"The Teen Files"
show on hate and prejudice

This 1999 article wars written by Gabi Clayton for the PFLAG-Olympia newsletter just before the show aired.

"The Teen Files" TV show I taped in December will be airing here in the Seattle area on March 13th (KSTW 8-9p.m.) and in different parts of the country at other days/times between March 5-14, 1999. 

This is a TV special, made for a youth audience, on hate and prejudice. They had me sit down and talk to four homophobic teenagers. These are tough kids but not really hard-core or violent. (Another segment that they taped on race prejudice included a teen who is a skinhead - a really rough segment to do, according to the producer.) When they asked me to be on the show, the segment producer said, "It struck me that your story might be the emotional push that these kids would need to see the human side of the effects of intolerance."

I have done a lot of work in the past with tough teens - even gang members - and I liked that work. I am usually pretty comfortable in this kind of situation, but I was nervous about being able to reach them about this very personal subject in such a short time.

The four teenagers - two boys and two girls - were 15-16 years old. We introduced ourselves and I told them I was the mom of two sons and I was there to tell them about my youngest son, Bill. I talked to them for a long time and told them all about Bill from when he was a baby until he was assaulted and committed suicide. All the time I was talking, I was passing them photos of him too. And they were responding. I saw little smiles at the stories and the pictures, and I saw them react to what happened.

They asked me questions. "Did his brother love him and get along with him?" - Yes, and they fought too, as brothers do. "How did he kill himself? Did he hang himself?" - No, he took an overdose.

They said things like, "He was just a regular kid -- one I could be friends with," (with some surprise). And, "I never thought of a gay person having a family - having a mother who loved them before...."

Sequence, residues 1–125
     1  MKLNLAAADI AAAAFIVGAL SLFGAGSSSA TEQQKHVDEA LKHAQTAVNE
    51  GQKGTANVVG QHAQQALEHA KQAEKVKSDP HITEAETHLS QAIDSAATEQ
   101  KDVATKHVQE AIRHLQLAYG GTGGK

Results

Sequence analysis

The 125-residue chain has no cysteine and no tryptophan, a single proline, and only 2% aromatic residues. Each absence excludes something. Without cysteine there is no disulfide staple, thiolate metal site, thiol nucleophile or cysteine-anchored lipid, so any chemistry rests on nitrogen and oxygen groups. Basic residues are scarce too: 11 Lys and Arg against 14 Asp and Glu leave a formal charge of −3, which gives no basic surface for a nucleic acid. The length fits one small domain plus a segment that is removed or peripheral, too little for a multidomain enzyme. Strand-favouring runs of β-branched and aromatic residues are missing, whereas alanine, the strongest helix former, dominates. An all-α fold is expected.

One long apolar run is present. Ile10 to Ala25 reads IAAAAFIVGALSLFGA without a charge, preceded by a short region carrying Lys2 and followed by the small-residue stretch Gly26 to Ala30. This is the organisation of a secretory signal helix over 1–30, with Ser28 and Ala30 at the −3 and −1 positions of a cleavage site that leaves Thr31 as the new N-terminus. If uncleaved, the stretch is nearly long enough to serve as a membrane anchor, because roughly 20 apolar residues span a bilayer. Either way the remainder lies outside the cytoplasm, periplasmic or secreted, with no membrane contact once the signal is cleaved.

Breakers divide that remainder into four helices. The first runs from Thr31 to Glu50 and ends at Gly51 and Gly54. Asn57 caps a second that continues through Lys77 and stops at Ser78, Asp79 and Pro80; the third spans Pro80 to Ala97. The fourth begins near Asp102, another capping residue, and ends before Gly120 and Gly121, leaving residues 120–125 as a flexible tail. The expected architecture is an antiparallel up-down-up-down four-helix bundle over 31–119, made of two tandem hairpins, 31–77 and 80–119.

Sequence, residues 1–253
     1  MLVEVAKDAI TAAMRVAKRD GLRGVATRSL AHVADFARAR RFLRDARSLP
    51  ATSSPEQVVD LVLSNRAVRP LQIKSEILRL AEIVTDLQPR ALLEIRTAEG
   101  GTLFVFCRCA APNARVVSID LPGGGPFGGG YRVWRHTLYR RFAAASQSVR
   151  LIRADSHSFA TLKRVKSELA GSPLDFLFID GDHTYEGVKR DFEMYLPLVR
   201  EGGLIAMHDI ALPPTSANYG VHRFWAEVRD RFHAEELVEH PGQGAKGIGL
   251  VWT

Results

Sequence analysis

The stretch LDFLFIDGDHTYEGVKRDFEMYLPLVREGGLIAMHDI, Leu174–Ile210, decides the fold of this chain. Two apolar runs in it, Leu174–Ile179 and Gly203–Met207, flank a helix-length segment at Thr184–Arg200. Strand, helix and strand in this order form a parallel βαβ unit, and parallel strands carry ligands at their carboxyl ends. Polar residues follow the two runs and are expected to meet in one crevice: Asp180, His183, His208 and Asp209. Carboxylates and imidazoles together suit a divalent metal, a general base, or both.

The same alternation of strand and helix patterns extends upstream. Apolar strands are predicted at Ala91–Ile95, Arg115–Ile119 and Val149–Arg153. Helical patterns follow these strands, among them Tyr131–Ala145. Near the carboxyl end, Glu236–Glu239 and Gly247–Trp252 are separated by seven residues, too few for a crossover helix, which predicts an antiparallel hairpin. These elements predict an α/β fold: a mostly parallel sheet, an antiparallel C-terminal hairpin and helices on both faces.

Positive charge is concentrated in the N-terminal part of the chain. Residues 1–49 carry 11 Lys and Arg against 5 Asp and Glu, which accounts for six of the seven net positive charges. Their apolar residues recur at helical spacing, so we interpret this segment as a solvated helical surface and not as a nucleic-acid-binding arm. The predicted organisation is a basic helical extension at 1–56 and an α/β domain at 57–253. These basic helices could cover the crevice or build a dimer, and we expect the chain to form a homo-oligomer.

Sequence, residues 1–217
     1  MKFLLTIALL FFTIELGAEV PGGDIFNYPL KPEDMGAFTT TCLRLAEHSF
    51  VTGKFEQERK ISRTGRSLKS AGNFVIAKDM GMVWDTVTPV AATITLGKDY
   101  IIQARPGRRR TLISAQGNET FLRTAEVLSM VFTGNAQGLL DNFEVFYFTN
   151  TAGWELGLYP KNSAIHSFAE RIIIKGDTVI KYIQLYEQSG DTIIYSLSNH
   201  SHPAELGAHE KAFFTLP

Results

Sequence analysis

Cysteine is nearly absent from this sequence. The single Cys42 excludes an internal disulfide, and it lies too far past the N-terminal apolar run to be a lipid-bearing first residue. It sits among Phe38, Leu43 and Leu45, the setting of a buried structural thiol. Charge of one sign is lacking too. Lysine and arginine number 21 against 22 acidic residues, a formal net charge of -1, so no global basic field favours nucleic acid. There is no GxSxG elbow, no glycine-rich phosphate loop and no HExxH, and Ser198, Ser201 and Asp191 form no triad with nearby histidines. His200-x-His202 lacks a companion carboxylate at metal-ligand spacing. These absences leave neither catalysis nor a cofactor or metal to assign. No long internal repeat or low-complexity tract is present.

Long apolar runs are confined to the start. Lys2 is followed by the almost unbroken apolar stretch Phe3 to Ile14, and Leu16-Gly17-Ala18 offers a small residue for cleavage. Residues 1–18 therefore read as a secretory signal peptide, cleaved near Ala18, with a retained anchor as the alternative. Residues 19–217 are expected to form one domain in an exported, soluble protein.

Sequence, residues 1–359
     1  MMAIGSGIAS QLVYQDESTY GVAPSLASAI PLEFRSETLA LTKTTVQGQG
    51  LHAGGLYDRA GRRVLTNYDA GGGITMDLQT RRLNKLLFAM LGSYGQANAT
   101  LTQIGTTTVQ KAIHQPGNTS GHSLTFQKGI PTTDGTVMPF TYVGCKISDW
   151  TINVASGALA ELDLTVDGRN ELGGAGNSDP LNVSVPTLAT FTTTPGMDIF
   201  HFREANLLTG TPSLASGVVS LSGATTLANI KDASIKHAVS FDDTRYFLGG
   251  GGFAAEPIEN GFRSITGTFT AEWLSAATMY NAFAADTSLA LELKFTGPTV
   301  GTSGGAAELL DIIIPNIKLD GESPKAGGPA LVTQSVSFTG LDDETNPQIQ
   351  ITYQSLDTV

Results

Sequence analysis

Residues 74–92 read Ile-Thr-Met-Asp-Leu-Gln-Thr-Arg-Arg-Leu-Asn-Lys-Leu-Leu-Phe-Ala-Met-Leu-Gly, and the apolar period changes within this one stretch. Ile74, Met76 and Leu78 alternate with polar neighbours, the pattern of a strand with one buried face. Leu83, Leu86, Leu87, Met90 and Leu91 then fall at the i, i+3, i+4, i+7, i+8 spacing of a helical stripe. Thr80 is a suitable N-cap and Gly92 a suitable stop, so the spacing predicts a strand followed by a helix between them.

The producer asked me to say what I wanted them to get from this experience, and I told them to carry Bill with them and that if they heard homophobic comments or jokes - to think about what that could mean to someone gay... and to speak out about it if they could. I told them I knew how much that was asking, and not to put themselves in bad situations either - because I know how hard that can be. I felt I needed to acknowledge that too.

In the end, as we were finishing, they seemed open to it so I asked them if they wanted a hug, and they all did. Wow!

The director and the producer seemed happy with what happened. The segment on homophobia is supposed to be 12 minutes of the hour show. We will see how it is put together when it airs. However the show turns out, I know I have had an impact on those four young people, and that feels really good.


A note after it aired:  Arnold Shapiro Productions did a fabulous job editing this film and I highly recommend it. I use it when I speak to groups - if I have time I show the whole film and if time is tight I show the section on homophobia which does stand on its own.

"Teen Files: The Truth About Hate" can be ordered from Discovery Education. See this page where it is listed there with other films. It is available in DVD and VHS formats in a long (49 minute) and short (32 minute) version. I've never seen the short version, which is also available in Spanish.

Here is a RealAudio interview with Chuck Limbert, San Francisco police officer on his Teen Files experience and his work with youth on hate issues on GenderTalk # 204, May 3, 1999.

You may also want to read On tolerance and bigotry which is my response to a San Diego Union-Tribune article, 
"Pickets protest board's editing of tolerance film - Gay segment deleted by Grossmont Union"
about "Teen Files: The Truth About Hate" being censored in March 2002. 

1999 Gabi Clayton

 

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